Veteran pianist Murray Perahia visits Mondavi for the first time

By From page A15 | February 14, 2014


Pianist Murray Perahia will perform on Tuesday, Feb. 18, at Mondavi. Felix Broede/Courtesy photo

Murray Perahia — a pianist whose storied career extends back into the 1960s — will give a solo recital at 8 p.m. Tuesday, Feb. 18, at the Mondavi Center.

Born in New York in the late 1940s, Perahia studied at Mannes College and spent summers at the Marlboro Festival in Vermont, where he collaborated with now-departed greats like pianist Rudolph Serkin and cellist Pablo Casals. Perahia became a friend of pianist Vladimir Horowitz, Perahia also went to England and won the Leeds International Piano Competition in 1972, which led to an invitation work with composer Benjamin Britten at the Aldeburgh Festival the following year. Perahia later would become co-artistic director at Aldeburgh during most of the 1980s.

Over the course of a distinguished career, Perahia has appeared as a pianist with just about all of the world’s major orchestras — immediately prior to his appearance at Mondavi, he will be performing the Schumann Piano Concerto with the Boston Symphony Orchestra under veteran conductor Bernard Haitink (two performances in Boston, one in New York at Carnegie Hall). The recital at Mondavi is the first stop in a recital tour that will take Perahia to San Francisco, Vancouver, Los Angeles, Chicago and New York.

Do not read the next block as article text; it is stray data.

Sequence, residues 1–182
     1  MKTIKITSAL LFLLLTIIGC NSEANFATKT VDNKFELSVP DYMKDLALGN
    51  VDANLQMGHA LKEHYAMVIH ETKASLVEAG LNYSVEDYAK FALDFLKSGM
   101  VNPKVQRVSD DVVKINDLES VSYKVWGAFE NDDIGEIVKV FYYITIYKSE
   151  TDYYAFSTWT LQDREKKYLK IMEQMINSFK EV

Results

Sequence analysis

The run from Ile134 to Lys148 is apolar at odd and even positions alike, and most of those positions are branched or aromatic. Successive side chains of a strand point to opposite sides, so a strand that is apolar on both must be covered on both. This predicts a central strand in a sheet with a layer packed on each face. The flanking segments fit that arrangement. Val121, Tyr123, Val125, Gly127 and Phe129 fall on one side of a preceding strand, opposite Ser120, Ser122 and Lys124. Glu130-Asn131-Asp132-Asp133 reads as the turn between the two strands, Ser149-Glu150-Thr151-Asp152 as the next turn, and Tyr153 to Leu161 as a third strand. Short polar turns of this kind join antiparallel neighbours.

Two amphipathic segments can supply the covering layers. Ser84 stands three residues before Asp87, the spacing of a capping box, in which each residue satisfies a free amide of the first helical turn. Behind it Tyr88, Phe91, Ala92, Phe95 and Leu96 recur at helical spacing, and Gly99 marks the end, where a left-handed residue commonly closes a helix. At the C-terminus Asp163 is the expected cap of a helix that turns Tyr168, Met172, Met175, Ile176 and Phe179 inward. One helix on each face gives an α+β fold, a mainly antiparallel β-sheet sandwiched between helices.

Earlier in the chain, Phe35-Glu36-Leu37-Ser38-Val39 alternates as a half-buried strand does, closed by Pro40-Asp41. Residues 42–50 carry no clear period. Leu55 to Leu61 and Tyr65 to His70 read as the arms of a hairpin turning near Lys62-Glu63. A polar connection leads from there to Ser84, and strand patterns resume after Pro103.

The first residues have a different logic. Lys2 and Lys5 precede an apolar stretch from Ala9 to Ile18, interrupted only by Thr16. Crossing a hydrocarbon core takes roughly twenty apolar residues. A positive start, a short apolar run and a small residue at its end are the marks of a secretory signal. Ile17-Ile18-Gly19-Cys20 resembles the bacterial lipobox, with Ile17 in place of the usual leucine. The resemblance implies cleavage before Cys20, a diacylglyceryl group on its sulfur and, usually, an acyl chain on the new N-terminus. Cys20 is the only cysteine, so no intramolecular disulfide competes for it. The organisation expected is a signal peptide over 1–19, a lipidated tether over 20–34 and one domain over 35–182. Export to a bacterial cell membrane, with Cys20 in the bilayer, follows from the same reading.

Perahia also leads orchestras — he studied conducting decades ago at Mannes College and currently serves as principal guest conductor with the Academy of St. Martins in the Fields. And he is a prodigious recording artist, with dozens of albums to his credit. He has won two Grammy awards and been nominated on many other occasions.

This will be the first time Perahia has given a recital at Mondavi. His program is loaded with classics: he will begin with J.S. Bach (the French Suite No. 4, BWV 815), followed by the “Appasionata” Sonata by Beethoven (Op. 57), the early Robert Schumann piece “Papillons” (“Butterflies”), and then several pieces by Chopin, including the Scherzo No. 2, several etudes, and a nocturne.

Tickets start at $73 general, $36.50 for UC Davis students, at www.mondaviarts.org or 530-754-2787.

Jeff Hudson

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